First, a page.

After some 50 years of constant movie going, there are only 3 films that I've changed my mind on favorably. Fellini's 8 1/2, Russell's Women In Love and Minnelli's Brigadoon, all of which I disliked intensely upon first viewing but subsequent viewings have made them favorites. On the other hand, I loved Forrest Gump and Gladiator upon first viewing but I now find them revolting pieces of trash.

#9 of 18 OFFLINE   Matt Hough

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Posted May 28 2012 - 06:22 PM

Also don't forget that most of the stars of Nashville wrote their own songs for that film, and the songs themselves, even if you're allergic to country music, are gems of construction and like the best musical numbers, tell quite a lot about the characters who are singing them.

#10 of 18 OFFLINE   Louis Letizia

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Posted May 28 2012 - 06:58 PM

Also don't forget that most of the stars of Nashville wrote their own songs for that film, and the songs themselves, even if you're allergic to country music, are gems of construction and like the best musical numbers, tell quite a lot about the characters who are singing them.
This made it very special. The 2 actresses that went unrecognized Oscar time -Karen Black and Barbara Harris-were stunning. Harris literally stole the picture with her ferocious ending song. I'm assuming Paramount still owns this. It was an ABC Picture. Ironically united artists had cold feet about this just before release and refused to release it-and Paramount swooped it up. MGM controls ABC Pictures library-it would have come full circle. Now ABC has a drama in the fall called NASHVILLE-I doubt any relation. I'd like to correct myself here-I also am fond of Altman's A Wedding.

#11 of 18 OFFLINE   ahollis

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Posted May 28 2012 - 06:59 PM

Quote:
Originally Posted by MattH. /t/321032/a-fine-whine-films-you-whined-about-but-that-have-now-gotten-better-with-age#post_3930811 It was years before I finally began to see the brilliance of Robert Altman's Nashville. I was not a great fan on the initial release, but I now see the error of my ways.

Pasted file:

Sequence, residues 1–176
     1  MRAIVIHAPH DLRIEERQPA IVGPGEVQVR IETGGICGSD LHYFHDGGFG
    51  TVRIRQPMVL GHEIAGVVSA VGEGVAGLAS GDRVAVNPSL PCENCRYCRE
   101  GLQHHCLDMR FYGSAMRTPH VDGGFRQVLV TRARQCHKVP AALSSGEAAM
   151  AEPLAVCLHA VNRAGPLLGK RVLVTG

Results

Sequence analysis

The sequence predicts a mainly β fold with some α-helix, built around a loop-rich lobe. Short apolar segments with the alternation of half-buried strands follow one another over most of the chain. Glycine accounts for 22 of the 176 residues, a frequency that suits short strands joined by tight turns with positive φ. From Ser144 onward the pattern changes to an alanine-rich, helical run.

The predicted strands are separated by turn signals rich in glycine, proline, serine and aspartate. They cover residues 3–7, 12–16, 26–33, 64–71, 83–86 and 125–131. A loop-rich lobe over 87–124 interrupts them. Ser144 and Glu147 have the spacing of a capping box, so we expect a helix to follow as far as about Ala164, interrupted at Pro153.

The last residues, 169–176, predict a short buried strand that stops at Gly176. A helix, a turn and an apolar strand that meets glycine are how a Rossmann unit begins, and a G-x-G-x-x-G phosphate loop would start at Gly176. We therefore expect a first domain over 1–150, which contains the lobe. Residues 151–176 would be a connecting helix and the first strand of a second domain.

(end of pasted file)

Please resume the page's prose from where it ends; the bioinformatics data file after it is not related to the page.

Same here.  When I first saw it in a theatre, I thought I had wasted the three hours.  I went in expecting something on the level with MASH and NASHVILLE certainly was not.  Years later I watched the DVD and was enthralled with it.  I think it has something to do with being older and wiser and also that I had enjoyed SHORT CUTS.  In those between years, I really let this film have it as one of my least favorite.  Now I recommend it.    Paramount still controlls the film and released the DVD. 
"Get a director and a writer and leave them alone. That`s how the best pictures get made" - William "Wild Bill" Wellman


#12 of 18 OFFLINE   Louis Letizia

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Posted May 28 2012 - 07:42 PM

Same here.  When I first saw it in a theatre, I thought I had wasted the three hours.  I went in expecting something on the level with MASH and NASHVILLE certainly was not.  Years later I watched the DVD and was enthralled with it.  I think it has something to do with being older and wiser and also that I had enjoyed SHORT CUTS.  In those between years, I really let this film have it as one of my least favorite.  Now I recommend it.  Paramount still controlls the film and released the DVD. 
Thanks for clearing that up....we may then see a Criterion release. For years when I tried reccommended this movie to others they all wanted to know "what is it about?". Now its easy...I say...its like CRASH or BABEL.

#13 of 18 OFFLINE   NY2LA

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Posted May 28 2012 - 08:42 PM

This made it very special. The 2 actresses that went unrecognized Oscar time -Karen Black and Barbara Harris-were stunning. Harris literally stole the picture with her ferocious ending song. I'm assuming Paramount still owns this. It was an ABC Picture. Ironically united artists had cold feet about this just before release and refused to release it-and Paramount swooped it up. MGM controls ABC Pictures library-it would have come full circle. Now ABC has a drama in the fall called NASHVILLE-I doubt any relation. I'd like to correct myself here-I also am fond of Altman's A Wedding.
I have to say I found Nashville interesting when it came out, and A Wedding even more so. Short Cuts on the other hand: the first hour I found slow, the second tedious, the third, torturous. And I saw it at the Writers Guild Theatre where you HAD to sit still in stony silence and absorb the dialogue. Almost 20 years ago a friend made me a VHS from the laserdisc of GIGI. I would tease him with a series of comic riff analogies about owning the laserdisc of GIGI ("Not that there's anything wrong with that!"). I find the film well-crafted and entertaining myself, but I prefer LILi, so... ;) This is an interesting thread, I'll have to think about what movies I came to like that I didn't...